CBCT enhances preoperative third-molar evaluations

Cone-beam CT (CBCT) can better identify the location of inferior alveolar nerves (IANs) in relation to impacted mandibular third molars during preoperative evaluations, according to research presented in June at the Computer Assisted Radiology and Surgery conference in Geneva.

An uncommon but serious complication of mandibular third-molar removal is injury to the IAN, according to Vicente Hernandez Soler, M.D., D.D.S., M.Sc., of Valencia University in Spain. Panoramic radiographs have long been used to assess third-molar eruption, but they do not show the buccolingual position of the canal, he noted. In comparison, cone-beam CT has the advantage of high resolution and low dose and can identify cortication of the mandibular canal.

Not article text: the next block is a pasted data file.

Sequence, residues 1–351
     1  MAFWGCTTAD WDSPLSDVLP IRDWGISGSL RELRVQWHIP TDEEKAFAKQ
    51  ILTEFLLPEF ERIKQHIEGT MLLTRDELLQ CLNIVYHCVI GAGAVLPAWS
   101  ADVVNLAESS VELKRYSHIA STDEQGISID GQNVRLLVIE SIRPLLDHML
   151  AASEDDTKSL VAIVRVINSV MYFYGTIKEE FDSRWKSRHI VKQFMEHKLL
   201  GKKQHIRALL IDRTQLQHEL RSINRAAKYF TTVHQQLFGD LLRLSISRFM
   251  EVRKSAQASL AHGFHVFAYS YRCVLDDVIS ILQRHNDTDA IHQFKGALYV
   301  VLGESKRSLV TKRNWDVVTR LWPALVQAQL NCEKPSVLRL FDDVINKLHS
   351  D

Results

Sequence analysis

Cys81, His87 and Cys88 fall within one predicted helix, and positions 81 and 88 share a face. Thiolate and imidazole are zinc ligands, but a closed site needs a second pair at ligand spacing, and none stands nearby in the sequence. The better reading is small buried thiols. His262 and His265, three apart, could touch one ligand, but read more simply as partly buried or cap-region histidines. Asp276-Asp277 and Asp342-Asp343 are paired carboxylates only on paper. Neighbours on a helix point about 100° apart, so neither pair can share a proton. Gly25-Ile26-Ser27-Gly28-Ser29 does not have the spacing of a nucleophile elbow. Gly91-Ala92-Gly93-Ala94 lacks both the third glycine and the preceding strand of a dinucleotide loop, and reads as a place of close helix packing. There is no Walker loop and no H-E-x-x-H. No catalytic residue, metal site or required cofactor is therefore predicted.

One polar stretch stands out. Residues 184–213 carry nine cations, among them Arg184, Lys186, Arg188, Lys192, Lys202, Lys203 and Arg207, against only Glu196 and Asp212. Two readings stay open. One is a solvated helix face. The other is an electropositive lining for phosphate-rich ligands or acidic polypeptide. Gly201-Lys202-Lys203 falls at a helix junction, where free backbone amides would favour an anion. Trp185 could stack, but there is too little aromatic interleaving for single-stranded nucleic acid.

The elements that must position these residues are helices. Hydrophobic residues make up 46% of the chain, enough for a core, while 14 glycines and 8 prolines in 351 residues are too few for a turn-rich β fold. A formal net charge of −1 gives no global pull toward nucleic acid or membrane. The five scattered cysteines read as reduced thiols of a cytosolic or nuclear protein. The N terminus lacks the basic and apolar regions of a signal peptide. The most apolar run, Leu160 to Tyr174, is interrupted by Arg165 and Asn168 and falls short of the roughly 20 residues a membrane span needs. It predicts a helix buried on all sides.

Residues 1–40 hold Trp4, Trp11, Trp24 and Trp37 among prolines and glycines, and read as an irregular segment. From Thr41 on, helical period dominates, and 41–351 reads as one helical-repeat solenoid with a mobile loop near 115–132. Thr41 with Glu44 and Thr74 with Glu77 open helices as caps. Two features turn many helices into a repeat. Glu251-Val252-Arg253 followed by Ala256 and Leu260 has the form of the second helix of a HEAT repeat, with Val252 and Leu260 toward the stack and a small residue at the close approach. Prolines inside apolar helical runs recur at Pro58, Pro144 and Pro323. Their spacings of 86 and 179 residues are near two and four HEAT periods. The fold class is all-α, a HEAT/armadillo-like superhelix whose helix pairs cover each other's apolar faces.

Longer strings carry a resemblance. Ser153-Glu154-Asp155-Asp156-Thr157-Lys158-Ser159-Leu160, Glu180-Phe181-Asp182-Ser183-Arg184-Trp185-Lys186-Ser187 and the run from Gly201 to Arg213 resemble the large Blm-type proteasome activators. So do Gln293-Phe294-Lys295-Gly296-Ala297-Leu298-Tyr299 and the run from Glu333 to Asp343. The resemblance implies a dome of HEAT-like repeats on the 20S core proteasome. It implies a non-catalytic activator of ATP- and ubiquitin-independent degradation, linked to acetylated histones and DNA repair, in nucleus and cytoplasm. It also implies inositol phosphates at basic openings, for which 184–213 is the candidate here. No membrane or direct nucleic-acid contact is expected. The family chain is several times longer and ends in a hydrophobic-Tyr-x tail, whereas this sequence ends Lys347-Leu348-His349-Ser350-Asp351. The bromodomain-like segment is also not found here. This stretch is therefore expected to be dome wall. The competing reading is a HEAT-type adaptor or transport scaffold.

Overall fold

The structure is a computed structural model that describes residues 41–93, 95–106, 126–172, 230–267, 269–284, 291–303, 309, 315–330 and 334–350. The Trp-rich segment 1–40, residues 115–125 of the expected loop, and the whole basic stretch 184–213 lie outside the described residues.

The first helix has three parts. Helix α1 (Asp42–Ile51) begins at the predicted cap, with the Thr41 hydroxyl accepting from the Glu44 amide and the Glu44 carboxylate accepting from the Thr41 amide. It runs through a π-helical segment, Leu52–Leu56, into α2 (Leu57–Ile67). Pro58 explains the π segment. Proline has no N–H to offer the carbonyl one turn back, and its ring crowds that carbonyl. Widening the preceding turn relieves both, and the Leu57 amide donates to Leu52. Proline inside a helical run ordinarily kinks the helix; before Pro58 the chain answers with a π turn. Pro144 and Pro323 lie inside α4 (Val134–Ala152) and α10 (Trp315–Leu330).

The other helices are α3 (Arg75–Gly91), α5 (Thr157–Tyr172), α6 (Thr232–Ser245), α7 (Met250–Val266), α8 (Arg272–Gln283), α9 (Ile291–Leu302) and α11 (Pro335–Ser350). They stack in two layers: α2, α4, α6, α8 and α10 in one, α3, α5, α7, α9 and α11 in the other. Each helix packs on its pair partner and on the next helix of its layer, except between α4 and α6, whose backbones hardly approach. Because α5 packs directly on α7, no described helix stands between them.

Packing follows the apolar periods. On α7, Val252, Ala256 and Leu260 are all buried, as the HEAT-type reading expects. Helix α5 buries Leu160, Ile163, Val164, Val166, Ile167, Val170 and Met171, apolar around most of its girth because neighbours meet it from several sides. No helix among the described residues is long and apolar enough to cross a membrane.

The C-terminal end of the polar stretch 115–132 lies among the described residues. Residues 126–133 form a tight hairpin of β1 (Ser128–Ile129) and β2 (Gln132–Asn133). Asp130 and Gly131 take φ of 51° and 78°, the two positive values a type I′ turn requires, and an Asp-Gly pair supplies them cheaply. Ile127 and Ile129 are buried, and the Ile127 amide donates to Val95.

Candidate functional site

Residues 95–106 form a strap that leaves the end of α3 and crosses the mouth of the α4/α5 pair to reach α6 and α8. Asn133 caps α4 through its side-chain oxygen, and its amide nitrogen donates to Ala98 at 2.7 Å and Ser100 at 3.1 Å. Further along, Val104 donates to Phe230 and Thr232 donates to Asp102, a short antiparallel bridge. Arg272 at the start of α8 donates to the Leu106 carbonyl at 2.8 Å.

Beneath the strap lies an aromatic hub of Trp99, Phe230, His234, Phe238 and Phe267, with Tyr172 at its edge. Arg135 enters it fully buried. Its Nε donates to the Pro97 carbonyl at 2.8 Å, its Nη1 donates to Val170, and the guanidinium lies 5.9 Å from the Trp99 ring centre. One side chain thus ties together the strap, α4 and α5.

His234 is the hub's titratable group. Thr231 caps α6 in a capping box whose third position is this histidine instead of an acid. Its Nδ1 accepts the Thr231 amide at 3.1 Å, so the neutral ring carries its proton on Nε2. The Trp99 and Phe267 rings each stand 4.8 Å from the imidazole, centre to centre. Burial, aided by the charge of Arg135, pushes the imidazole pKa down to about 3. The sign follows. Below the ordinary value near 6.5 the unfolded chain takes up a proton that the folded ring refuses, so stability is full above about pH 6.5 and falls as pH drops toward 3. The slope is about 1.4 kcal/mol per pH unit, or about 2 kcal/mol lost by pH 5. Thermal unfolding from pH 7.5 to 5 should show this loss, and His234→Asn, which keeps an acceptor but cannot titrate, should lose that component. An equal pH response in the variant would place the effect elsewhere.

Comparing panoramic x-rays and cone-beam CT images, Dr. Soler and his colleagues examined the buccolingual relationship between mandibular third molars and the mandibular canal and assessed which view -- panoramic, axial, or cross-sectional -- provided better visibility for mandibular canal identification at different levels.

They evaluated 20 patients who had had orthodontic treatment and were at risk of third-molar impaction, based upon review of post-treatment panoramic radiographs. An i-CAT cone-beam CT system (Imaging Sciences International) was used to assess the IAN/third-molar relationship.

"The results showed that cone-beam CT cross-sectional images as well as reconstructed panoramic images gave a clear perception of the mandibular nerve," Dr. Soler noted. Cross-sectional is the best view anterior to the third molar, while panoramic is the best view posterior to the third molar, he added.

"Advanced 3D reconstruction to evaluate third molars provides information beyond that provided by panoramic images" and confirmed the clinical usefulness of cone-beam CT for preoperative evaluation of impacted mandibular third molars, he concluded.

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